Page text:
Chapter 3: Planning for when a student’s family member has died
Planning ongoing support for bereaved students
When he returned to school after his brother died, I made a point of checking in with him when there weren’t other students around during which I asked his permission to continue checking in with him every now and then moving forward. He was open to this and I’m glad he was because initially he really didn’t want to talk about it but as time passed, he opened up more and more”. – Principal
Because grief is an ongoing process, it’s important to give thought to how you and your staff can support a bereaved* student in the weeks, months, and even years after a death. Based on interactions with the family, develop and follow a plan that meets the family’s needs and is sustainable from your school’s – and your – perspective.
The designated contact person should work with the family and student to determine the student’s support needs upon returning to school. As an administrator, you should develop a plan that includes various considerations.
To view these, click on each of the tabs below.
• When and how will the student return to school? (How soon? Full-time?)
• How will the student be kept current with their learning? (Older students can be appointed to copy and share their daily notes according to a schedule suitable to the grieving family.)
• Establish expectations, and plan around missed tests and exams.
• Create a safe place for when the student returns to school, should they need to take a break from their classroom, along with a plan of how they can get there and who will go with them.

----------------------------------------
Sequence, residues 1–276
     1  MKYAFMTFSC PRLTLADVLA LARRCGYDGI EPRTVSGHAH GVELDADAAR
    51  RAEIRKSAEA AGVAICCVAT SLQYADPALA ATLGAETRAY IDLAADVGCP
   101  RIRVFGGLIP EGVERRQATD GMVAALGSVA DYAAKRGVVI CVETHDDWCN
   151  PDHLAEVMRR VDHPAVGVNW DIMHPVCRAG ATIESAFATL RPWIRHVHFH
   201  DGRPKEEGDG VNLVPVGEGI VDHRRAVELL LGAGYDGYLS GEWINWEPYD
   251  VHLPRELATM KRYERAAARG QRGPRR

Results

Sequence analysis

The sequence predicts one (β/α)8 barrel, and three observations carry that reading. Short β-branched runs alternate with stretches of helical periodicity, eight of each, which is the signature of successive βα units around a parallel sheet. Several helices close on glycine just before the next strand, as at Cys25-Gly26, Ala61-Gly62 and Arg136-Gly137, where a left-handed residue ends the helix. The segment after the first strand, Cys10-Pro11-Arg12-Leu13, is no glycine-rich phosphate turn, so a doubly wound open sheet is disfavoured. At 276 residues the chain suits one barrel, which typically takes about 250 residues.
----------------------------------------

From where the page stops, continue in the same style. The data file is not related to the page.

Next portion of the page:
• Invite the student to come to you directly if they are struggling and want to talk, etc.
• Remind staff that the student may struggle to concentrate for some time.
• Hold a meeting for educators, support staff, and school counsellors who are (or may be) directly involved with the student so a plan can be formulated to ensure the grieving student receives support that can be individualized to their needs. In some situations, the student’s parent(s) may benefit from attending.
• Ensure that the family is aware of local grief support resources (e.g., bereavement groups, grief camps, counselling, etc.)
• Record the death of an immediate family member in the student’s education record. Include the date of death so that staff are alerted to the time of year around the death anniversary, which may be particularly difficult for the student.
• Ensure that at the start of each school year, the student’s new teacher is made aware that the child has had a death in their immediate family, as well as the date of the death.
• Develop an additional communication plan that is respectful of the family’s and student’s wishes. This can be used if the student transfers to another school. (Transfer of student records may be delayed, or they may not be read.)